The importance of reflection for students – and teachers


ASIA

As an academic working in Vietnamese higher education, I have found reflective work with students to be one of the most interesting types of projects to create and evaluate. It encourages students not only to think in terms of ‘job readiness’, but also in terms of personal development, acquisition of soft skills and civic engagement.

The shortcomings of such skills among Vietnamese university students have been the subject of both popular discourse and academic studies.

It’s not hard to find ways to teach or learn to do reflective homework. The DIEP model (Describe, Interpret, Evaluate, Plan) is a common approach to developing reflective practice, which involves describing, interpreting and evaluating one’s own experiences.

Reflection involves careful consideration of the actions, experiences, intent, motivations, contexts, and implications of one’s practice and that of others.

A recent study of reflective assignments in higher education defines it as a higher order cognitive skill where people engage in specialized and focused inquiry based on their individual experience. Critical thinking with empathy leads to innovative problem solving, which is valuable in the post-COVID world we inhabit.

Students who know and understand how to think are not only desirable, but the kind of students we desperately need. Thinking skills are one of the main ways in which higher education prepares learners for life and work in the 21st century by fostering creativity. Innovative ideas for social good rely on critical thinking and empathy.

For example, in Forbes Vietnam’s 2022 30 under 30 list, several people were praised for their entrepreneurial creativity. This list included Le Yen Thanh, who created BusMap, an online route map to help people navigate urban areas, and Do Anh Thu, who launched the Women Will program to help women entrepreneurs develop their businesses. business ideas.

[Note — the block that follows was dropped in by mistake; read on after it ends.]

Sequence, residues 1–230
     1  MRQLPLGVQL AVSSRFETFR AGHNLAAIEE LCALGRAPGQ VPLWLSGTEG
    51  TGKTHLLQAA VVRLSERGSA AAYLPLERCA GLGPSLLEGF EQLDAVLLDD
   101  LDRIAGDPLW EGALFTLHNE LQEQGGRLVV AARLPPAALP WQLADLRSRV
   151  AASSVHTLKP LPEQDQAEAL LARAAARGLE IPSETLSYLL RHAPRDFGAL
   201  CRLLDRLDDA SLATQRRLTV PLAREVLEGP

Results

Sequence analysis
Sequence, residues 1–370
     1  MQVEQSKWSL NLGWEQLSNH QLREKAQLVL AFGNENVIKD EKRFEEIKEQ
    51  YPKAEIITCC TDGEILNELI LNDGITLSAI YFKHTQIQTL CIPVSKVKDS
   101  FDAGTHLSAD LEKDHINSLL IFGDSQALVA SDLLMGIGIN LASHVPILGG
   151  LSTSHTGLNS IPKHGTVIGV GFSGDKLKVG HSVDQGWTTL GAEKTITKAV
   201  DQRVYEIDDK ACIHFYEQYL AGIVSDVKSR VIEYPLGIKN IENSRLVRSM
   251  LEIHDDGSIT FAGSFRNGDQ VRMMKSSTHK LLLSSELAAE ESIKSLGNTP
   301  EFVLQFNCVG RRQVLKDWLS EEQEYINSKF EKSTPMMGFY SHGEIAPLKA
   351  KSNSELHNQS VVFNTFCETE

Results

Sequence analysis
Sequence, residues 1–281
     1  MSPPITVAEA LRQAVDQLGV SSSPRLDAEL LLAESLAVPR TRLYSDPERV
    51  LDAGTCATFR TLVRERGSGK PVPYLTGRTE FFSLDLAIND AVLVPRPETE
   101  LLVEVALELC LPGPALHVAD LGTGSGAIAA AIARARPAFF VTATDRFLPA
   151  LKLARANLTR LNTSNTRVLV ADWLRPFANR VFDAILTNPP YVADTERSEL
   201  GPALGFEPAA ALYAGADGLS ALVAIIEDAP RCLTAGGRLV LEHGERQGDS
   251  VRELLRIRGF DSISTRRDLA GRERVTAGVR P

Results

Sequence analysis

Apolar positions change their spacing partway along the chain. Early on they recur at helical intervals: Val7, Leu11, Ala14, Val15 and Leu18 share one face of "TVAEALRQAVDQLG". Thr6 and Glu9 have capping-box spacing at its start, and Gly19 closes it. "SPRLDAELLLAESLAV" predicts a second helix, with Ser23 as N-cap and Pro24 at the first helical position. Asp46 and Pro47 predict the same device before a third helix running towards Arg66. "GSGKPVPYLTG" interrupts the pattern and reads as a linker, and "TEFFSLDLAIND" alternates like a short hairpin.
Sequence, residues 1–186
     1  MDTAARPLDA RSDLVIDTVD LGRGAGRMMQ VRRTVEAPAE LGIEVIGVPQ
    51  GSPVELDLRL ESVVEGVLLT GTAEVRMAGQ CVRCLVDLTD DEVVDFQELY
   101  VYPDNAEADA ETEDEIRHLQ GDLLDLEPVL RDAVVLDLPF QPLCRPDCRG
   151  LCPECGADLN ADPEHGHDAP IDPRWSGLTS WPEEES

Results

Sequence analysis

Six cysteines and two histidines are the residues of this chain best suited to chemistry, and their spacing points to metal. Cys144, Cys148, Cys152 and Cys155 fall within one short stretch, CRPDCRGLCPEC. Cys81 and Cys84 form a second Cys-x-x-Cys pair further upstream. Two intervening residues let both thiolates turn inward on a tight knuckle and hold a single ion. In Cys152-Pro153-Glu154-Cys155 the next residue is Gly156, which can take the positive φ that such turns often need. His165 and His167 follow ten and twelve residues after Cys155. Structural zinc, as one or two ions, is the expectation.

Arguably, without critical thinking, which involves the ability to think deeply about issues and people, these ideas might not have existed today. This is another reason why it is important that reflection be a common practice among students.

Benefits for students

The 2021 Global Risks Report cites the importance of advanced interpersonal skills as a priority for learners today. These skills are often developed and achieved through personal reflection.

The reflective homework literature generally focuses on reflective writing, but in a general sense, reflective classroom activities are seen as a positive aspect of good teaching practice, enabling students’ autonomy, motivation and creativity. students. This prepares them for life, work and civic engagement as local and global citizens.

Reflection helps students move from a task-based approach to thinking more holistically and creatively about their experience in college and beyond.

A positive view of reflection is present in the literature on higher education in the Asian context through the works of Namala Tilakaratna, Mark Brooke and Laetitia Monbec in 2019, Cecilia Chan, Hannah Wong and Jiahui Luo in 2020 and Hui-Chin Yeh, Shih-hsien Yang, Jo Shan Fu and Yen-Chen Shih in 2022.

These studies also shed light on the merits of reflection for students and educators, which include deepening disciplinary understanding, building socio-cultural knowledge, professional development for teachers, and socio-behavioral benefits such as patience and Gratitude.

I remember listening to one particular student’s in-class reflection presentation where they shared how a class I taught earlier in the same semester for the same course helped them not only professionally but personally. This student noted how our classroom discussions of media and communication theories helped them better understand their parents.